December 1st is World HIV/AIDS Day.

Infectious Diseases Reproductive Health

It’s World HIV/AIDS Day. Where do things stand with HIV?

Before we drop some knowledge, let’s take a moment to remember and honor those we have lost to HIV/AIDS.
This Nerd lost Stuart and Bob, uncle figures and mentors in my childhood and young adulthood. I credit them for my love and passion for public health. Put your remembrances in the comments below so we can hold them in our hearts. 💔❤️‍🩹

HIV/AIDS has been a critical health challenge affecting our globe since the early 1980s. As a reminder, HIV (Human Immunodeficiency Virus) is the virus that causes the disease we call AIDS – Acquired Immunodeficiency Syndrome. HIV leads to AIDS when folks don’t have access to treatment.

Approximately 39 million people currently have this virus worldwide. For perspective, that’s roughly the entire population of Canada. Approximately 630,000 people in 2022 and 40.4 million people since the start of the epidemic are estimated to have died from AIDS-related illnesses worldwide.

HIV is not just an issue for gay men, as it was once (wrongly) assumed to be.

Over half of those living with HIV are women and girls. It’s not just a health issue but a window into gender disparities and biology. For more on why female biology makes women and trans men vulnerable to transmission, see the resource below. About 1.5 million children have HIV.

Thankfully, we now have a pretty robust toolkit.

➡️ Behavior change programs: think education and awareness, condom use, needle exchange, etc.

➡️ PrEP: a preventative antiviral medication taken by those who are HIV-negative and want to protect themselves from getting the virus.

➡️ The U=U concept, that is, “Undetectable equals Untransmittable,” is a game-changer in how we view HIV transmission. Research has shown us that when a person takes treatment medication every day and reaches an undetectable viral load, they are unable to pass the HIV virus on to anyone else.

➡️ Treatment-wise, we use antiretroviral therapy (ART), a blend of medications that are not a cure but a powerful way to manage the virus. Antiretroviral therapy is so powerful that when taken as prescribed, it can make viral load undetectable in the blood, preventing virus transmission.

This toolkit has one glaring exception: a vaccine. Despite massive brainpower and resources funneled into research, an HIV vaccine has been elusive so far. One major reason this is so challenging is that the HIV virus evolves extremely rapidly – it’s common to find different variants even within the same person. HIV makes the SARS-CoV-2 virus look like an evolutionary slowpoke!

Globally, countries and organizations pooled $22.4 billion in 2022 to tackle this virus. The current goal is to end the HIV epidemic in the United States by 2030, including a 75% reduction in new HIV infections by 2025 and a 90% reduction by 2030.

Now, let us explore the most vulnerable groups for HIV in 2023 across the U.S., Canada, the UK, and globally.

Historically, this infection was thought to be limited to gay men, but the truth is people of any gender or sexual orientation are at risk if a person with the virus shares semen, pre-seminal fluid, blood, human milk, vaginal/cervical fluid, or rectal fluid.

Because of the lack of access to health care due to racism, stigma, transphobia, homophobia, economic oppression, and/or misunderstanding in the community of who is at risk, the following groups are particularly vulnerable:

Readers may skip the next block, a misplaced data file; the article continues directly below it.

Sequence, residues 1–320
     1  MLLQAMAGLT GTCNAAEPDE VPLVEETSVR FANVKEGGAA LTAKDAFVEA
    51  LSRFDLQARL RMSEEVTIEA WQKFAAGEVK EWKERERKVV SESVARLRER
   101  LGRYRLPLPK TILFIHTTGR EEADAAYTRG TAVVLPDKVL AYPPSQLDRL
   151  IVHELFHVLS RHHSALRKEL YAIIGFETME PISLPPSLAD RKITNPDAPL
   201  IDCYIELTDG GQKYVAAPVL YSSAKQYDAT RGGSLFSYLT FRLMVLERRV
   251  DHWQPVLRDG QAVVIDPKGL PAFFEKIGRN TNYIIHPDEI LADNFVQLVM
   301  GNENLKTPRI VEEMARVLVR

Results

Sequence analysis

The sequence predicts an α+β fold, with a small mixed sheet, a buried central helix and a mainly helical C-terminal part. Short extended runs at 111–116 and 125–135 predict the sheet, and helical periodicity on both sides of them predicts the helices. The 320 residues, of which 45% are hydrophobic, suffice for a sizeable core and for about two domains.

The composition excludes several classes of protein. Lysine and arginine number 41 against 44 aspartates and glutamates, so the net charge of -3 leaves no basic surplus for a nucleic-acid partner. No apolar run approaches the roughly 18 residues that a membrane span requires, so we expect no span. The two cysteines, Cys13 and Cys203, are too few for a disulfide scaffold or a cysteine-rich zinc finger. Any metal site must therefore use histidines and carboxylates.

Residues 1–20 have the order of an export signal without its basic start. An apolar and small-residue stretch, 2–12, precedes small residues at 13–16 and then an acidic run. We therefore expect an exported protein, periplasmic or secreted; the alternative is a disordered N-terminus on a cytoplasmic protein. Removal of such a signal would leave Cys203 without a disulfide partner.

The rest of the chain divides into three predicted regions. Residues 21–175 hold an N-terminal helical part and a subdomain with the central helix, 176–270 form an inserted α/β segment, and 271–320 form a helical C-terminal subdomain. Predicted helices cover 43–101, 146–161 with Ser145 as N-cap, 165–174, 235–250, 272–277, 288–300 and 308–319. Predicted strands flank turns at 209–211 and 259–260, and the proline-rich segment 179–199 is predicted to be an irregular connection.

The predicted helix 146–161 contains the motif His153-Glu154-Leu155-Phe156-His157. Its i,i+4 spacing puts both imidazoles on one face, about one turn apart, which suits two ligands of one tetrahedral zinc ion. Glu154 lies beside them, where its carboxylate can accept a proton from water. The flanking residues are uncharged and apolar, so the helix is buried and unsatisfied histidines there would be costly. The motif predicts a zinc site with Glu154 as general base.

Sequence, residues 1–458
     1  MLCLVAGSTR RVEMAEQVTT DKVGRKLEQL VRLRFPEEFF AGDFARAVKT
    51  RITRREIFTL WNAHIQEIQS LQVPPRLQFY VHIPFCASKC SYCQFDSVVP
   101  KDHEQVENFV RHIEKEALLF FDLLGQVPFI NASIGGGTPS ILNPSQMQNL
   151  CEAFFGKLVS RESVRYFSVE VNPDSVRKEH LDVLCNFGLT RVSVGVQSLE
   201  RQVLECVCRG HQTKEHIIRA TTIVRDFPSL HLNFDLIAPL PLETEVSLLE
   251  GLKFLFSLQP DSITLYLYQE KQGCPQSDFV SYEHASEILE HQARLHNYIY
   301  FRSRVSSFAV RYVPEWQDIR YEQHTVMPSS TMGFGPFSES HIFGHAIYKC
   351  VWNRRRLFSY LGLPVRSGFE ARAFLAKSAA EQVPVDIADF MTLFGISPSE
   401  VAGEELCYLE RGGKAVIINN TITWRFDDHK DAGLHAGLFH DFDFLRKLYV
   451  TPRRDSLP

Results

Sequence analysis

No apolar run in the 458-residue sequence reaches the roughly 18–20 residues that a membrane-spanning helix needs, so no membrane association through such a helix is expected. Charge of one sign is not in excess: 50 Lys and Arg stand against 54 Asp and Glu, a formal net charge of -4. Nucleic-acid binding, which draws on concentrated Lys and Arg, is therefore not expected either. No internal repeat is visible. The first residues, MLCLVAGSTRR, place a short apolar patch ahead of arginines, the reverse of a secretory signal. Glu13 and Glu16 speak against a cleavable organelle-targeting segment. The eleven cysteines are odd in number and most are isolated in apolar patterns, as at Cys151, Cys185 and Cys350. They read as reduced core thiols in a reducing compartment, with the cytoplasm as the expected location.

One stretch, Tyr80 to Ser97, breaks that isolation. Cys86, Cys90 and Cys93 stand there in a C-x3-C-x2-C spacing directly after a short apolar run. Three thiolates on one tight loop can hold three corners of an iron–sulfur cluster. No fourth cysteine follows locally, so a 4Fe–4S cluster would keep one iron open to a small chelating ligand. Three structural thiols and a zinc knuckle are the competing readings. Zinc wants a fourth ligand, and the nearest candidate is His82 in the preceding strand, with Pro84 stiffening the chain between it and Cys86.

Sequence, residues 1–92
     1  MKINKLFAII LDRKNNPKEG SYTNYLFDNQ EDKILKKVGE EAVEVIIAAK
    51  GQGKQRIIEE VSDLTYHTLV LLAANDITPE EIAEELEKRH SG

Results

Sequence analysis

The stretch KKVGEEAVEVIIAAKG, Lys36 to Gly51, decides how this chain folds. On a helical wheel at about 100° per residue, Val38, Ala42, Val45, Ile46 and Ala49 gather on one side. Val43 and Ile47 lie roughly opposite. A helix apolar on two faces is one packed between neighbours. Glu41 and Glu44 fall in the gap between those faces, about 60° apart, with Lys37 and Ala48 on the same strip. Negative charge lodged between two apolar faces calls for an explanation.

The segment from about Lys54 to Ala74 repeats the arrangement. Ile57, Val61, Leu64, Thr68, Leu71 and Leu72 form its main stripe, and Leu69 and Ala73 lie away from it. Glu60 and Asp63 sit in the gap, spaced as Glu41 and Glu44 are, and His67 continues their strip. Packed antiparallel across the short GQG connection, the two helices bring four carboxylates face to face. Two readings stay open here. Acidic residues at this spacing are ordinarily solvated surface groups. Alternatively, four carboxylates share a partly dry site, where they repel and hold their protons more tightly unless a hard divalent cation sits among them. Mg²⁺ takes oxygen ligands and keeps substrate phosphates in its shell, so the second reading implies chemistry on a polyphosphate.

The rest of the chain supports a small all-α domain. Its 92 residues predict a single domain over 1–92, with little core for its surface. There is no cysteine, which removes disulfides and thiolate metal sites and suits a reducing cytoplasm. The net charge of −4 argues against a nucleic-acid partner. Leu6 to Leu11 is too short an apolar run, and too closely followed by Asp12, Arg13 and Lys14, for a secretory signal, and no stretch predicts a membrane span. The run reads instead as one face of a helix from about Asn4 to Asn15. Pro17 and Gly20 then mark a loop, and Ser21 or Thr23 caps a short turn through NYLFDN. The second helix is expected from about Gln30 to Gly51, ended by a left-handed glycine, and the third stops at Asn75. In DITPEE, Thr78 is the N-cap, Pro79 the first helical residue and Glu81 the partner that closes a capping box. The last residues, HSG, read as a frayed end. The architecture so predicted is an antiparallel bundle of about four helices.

▪️ Women, pregnant women, teens, infants, and children
▪️ Ethnic and racial minoritized people (of a given region)
▪️ Transgender people
▪️ Cis-gender men who have anal sex with other cis-gender men
▪️ People who are economically disadvantaged
▪️ People who exchange sex for money or other necessities
▪️ People who inject drugs​​​​
▪️ Indigenous peoples of colonized lands

The impact of HIV on the transgender and nonbinary communities is significant and distinct from the general population, with various factors influencing their risk and experiences. Here’s an overview based on the latest data:

Global Perspective: ​​A study of HIV in transgender populations around the world (2000-2019) found that roughly 1 in 5 trans women and 1 in 40 trans men were affected by HIV (results varied a lot by country). By comparison, roughly 1 in 150 adults aged 15-49 years old worldwide are living with HIV.

Of note, for many regions, data on trans folks is not collected. This lack of data underscores the need for better understanding and targeted support for trans individuals.

Given the diverse and complex nature of the epidemic and the people who are affected, tailored education, prevention, and treatment strategies with an eye toward inclusive, culturally competent, and accessible healthcare is a priority.

In knowledge, in science, and in remembrance,

Those Nerdy Girls+&

References and resources for more information:

Kaiser Family Foundation (KFF). The Global HIV/AIDS Epidemic.

Understanding female biology and HIV Risk

A Proclamation on World AIDS Day, 2023

Centers for Disease Control and Prevention (CDC). HIV by Group.

Canada.ca. People living with HIV in Canada

National AIDS Trust. UK HIV Statistics

The worldwide burden of HIV in transgender individuals: An updated systematic review and meta-analysis

CATIE – Canada’s source for HIV and hepatitis C information. What is the prevalence of HIV in trans people?

Current statistics gathered with the help of ChatGPT and then verified by this human:
OpenAI. (2023). Chat on HIV/AIDS Statistics and Vulnerable Populations. November 28, 2023. ChatGPT Session with OpenAI’s Assistant.

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